Friday, 6 November 2009

Speaking in puns... quite often what I find myself doing, mainly for my own childish amusement. Most of them are pretty weak and groan-inducing (which isn't a bad thing), but there's something incredibly gratifying about coming up with a pure pun. By a 'pure' pun, I mean one that works on not two, but at least THREE separate levels; they're the puns that are meant to exist, and they'll pop into your head almost effortlessly, before you've even had a chance to process the sheer brilliance of it. I reckon I've come up with a triple-tiered pun on only a dozen of occasions or so. Those who've ever interacted with me in any way shape or form know that a dozen is a tiny drop in the ocean when it comes to the sheer volume of my word-play attempts. So they're very rare creatures indeed.

Anyway, I've gone off on a punrelated tangent, as this blog was meant to be about a play I saw tonight called 'Speaking in Tongues'. A very good play it was too. It had John Simm in it (most would know him from Life On Mars, but as a Doctor Who fan I only see The Master), and another Doctor Who connection via actress Lucy Cohu, who played Captain Jack's daughter in the latest Torchwood series (thanks IMDB, that had been bugging me all night). There were only four actors in the production, but each one took on at least a couple of characters throughout the play.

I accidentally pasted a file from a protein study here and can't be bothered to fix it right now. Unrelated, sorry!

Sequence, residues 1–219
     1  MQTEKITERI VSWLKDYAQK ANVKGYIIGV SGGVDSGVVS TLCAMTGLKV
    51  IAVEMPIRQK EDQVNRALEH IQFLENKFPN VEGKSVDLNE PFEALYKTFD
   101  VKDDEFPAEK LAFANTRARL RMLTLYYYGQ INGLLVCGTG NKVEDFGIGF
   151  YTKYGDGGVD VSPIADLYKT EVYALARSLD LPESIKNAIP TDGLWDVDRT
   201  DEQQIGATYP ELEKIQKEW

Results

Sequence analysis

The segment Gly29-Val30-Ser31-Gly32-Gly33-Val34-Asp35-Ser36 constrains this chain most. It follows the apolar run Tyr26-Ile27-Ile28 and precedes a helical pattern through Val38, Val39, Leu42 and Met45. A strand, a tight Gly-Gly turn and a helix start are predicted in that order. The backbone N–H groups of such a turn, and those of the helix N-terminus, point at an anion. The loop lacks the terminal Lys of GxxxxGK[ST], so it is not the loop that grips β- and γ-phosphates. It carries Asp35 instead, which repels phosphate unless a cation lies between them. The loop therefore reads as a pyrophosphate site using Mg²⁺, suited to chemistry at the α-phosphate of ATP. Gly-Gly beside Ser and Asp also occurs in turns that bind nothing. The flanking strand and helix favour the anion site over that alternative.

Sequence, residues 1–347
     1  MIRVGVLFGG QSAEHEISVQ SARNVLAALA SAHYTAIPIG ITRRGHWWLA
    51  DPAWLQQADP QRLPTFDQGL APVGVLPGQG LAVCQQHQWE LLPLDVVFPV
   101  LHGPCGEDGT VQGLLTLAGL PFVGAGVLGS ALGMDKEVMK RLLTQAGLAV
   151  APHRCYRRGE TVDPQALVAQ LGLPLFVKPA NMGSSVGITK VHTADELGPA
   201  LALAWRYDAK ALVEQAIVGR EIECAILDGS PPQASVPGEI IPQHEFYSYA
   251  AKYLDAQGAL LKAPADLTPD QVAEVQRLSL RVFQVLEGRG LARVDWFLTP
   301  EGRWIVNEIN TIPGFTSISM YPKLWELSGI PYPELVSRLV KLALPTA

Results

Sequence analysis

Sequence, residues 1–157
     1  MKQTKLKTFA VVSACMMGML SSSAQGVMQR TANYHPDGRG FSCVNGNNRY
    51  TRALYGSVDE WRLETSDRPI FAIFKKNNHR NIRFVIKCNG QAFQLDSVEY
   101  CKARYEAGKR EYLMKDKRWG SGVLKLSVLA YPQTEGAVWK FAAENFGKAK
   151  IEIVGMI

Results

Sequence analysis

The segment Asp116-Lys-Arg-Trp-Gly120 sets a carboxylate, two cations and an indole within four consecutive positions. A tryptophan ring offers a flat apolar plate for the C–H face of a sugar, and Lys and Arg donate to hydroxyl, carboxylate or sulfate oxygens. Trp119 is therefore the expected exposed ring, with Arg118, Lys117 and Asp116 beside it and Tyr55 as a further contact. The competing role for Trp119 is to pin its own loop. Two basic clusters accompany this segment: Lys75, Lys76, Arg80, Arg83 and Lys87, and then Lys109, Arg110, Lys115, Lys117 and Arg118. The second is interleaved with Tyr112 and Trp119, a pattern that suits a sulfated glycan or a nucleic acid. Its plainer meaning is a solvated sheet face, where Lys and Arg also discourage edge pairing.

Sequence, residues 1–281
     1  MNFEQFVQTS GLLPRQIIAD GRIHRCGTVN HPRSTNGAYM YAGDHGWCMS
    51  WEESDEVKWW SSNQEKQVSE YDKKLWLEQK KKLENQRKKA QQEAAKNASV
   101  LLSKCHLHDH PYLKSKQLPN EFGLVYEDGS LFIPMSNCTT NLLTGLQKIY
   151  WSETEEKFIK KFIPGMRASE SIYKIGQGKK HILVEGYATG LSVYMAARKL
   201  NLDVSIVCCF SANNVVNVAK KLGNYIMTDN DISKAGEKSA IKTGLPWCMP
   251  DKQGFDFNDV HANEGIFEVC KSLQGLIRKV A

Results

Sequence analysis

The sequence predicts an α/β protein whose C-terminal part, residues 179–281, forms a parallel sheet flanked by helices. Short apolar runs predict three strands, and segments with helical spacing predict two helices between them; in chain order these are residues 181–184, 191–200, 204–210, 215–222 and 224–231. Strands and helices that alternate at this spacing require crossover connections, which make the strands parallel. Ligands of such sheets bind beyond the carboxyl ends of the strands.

The story initially centres around two married couples, whose lives and relationships are about to become as interwoven as the fast-paced dialogue, which is spoken in unison by the characters in the opening scene. Each of the couples is experiencing marital problems, and by coincidence they each find solace in the other's spouse. 

By the end of act one, the audience is left wondering whether the couples will resolve their differences once their individual deceptions have been discovered and agonised over. But then the second half takes the audience on an altogether different journey, following the stories of a number of other complicated relationships, with a dark mystery linking them all in unspoken little ways, as well as the characters we met in the first half. It's all very clever and tense, and it was a great production which definitely gets you thinking about the notion of trust and just how blimin' complicated human relationships are, and not just the romantic ones.

Before the play, I caught up with some old colleagues and friends, and had a yummy Thai meal in a restaurant which I never knew existed before tonight. It's called Thai Pot, and it's just round the corner from my favourite pub in the world, The Harp. So, basically, everything I have mentioned above, I would very much recommend.

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